Primordial Traditions (Living Traditions Magazine)


I remember when I first came across Primordial Traditions. It was a small anthology of articles from a website on the perennial tradition. While it was a smallish book, it was of exceptional quality and its content stood apart from what passed for spiritual and new age titles at the time. Indeed it was so well received it won the Ashton Wylie Award for Literary Excellence in New Zealand. That was seven years ago and since then Gwendolyn Taunton and Numen books have published a wide range of exceptional titles from titles on the Northern Tradition to political aristocracy (the ruling of the best or meritocracy), from poetry to a truly extraordinary tome on Alchemy. Each has been marked by great insights into esotericism while sustaining the highest possible academic titles, the Alchemical Tradition was peer reviewed for accuracy. They have been superbly presented and each a joy to read and digest. The second edition of Primordial Traditions is over 492 pages in size and a beautifully presented hardback. It offers a superb selection of essays on Tradition, Middle Eastern Traditions, Eastern Traditions, European Traditions and South American Traditions. In Tradition there are a great series of essays outliving the nature of Tradition from the nature of the Kali Yuga in spiritual and political and economic terms to a superb introduction to the works of Julius Evola. Evola has become of immense significance in modern Traditionalism. For many of us educated through the works of Rene Guenon there was a sense of passivity even I may dare to say reactionaryism which was a little uncomfortable. For a long times Evola’s works were not available in English save for a small series of essays here and there. With the publication of many of his works by Inner Traditions in English he took centre stage in modern Traditionalism with his warrior aesthetic. Gwendolyn offers a superb introduction to his work and ideas. In Middle Eastern Traditions there are a diverse range of essays covering the Sufis, Mithraism and the Yezidi. Each of these essays are significant in themselves I especially found the essay on Mithraism impressive. This is followed by a series of essays on the Eastern Traditions covering everything from Tantra to Buddhism, the imagery of Siva to use of magic in Thai Buddhism. There is so much here to digest and consider. The section on the European Traditions really took my fancy since I am a unashamed Radical Traditionalist Heathen. There is much discussed here you will not find in any other similar books including a superb study comparing the Berserkers of the Norse with the Vratya of India. There are essays on Rune Magick, Nietzsche and Greek Myth and Cuchulainn of the Celtic Tradition. The book ends with an excellent essay on Mayan astrology. This is a truly superb anthology which not only offers an erudite introduction to Tradition but covers the primordial wisdom as it is expressed in a range of traditions. Each essay is marked by a deep knowledge of Tradition and esotericism and at the same time sustaining the highest possible academic standards. This is a must have volume…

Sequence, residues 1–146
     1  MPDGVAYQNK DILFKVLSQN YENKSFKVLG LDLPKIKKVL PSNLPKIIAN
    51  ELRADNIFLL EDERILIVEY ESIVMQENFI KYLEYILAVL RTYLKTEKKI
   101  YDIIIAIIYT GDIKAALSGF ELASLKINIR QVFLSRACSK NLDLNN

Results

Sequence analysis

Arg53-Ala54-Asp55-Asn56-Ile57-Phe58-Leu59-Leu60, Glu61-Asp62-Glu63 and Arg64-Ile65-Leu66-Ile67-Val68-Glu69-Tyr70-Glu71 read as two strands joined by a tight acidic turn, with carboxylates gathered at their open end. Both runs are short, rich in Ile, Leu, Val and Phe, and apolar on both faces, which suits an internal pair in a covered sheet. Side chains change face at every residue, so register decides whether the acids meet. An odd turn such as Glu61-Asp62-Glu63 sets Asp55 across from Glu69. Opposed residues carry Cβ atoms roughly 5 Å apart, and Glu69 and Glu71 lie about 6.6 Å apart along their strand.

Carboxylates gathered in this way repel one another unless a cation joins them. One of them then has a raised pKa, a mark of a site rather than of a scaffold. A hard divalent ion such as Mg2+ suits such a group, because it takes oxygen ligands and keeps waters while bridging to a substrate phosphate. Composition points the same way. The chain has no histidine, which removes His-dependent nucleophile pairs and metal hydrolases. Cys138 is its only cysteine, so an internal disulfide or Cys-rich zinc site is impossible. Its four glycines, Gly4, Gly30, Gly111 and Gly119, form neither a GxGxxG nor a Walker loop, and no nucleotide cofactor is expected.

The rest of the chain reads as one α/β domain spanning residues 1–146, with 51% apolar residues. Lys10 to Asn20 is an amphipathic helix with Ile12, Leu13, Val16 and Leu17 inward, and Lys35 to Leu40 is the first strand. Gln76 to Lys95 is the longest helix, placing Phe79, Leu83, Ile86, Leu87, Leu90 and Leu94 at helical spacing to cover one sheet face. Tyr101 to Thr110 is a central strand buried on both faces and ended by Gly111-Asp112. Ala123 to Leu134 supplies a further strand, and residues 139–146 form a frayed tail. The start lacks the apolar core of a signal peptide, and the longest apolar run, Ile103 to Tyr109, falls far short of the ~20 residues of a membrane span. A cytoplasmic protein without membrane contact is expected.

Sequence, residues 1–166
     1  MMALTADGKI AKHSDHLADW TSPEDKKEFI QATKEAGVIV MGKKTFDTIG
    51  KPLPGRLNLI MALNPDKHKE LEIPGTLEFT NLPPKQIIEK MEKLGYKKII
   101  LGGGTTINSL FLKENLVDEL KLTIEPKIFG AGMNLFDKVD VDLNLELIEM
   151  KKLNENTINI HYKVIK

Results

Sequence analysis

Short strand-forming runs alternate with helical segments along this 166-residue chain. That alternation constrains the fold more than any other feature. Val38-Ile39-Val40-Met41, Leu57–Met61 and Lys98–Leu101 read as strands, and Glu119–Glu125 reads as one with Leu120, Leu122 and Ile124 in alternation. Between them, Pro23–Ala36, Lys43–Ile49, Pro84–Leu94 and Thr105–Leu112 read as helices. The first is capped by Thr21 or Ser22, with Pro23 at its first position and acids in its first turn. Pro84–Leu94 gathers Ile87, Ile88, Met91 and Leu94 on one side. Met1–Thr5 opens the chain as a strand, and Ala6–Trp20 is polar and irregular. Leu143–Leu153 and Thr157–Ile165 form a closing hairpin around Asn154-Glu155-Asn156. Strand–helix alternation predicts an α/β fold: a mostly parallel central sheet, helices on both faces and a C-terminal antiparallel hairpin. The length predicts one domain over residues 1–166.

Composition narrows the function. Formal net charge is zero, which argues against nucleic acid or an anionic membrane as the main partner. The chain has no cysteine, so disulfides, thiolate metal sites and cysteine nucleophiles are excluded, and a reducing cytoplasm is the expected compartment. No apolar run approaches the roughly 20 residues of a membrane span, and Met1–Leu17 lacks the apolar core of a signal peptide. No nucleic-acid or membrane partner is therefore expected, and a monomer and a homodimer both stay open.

Reviewer: Robert Black. Living Traditions,  June 2014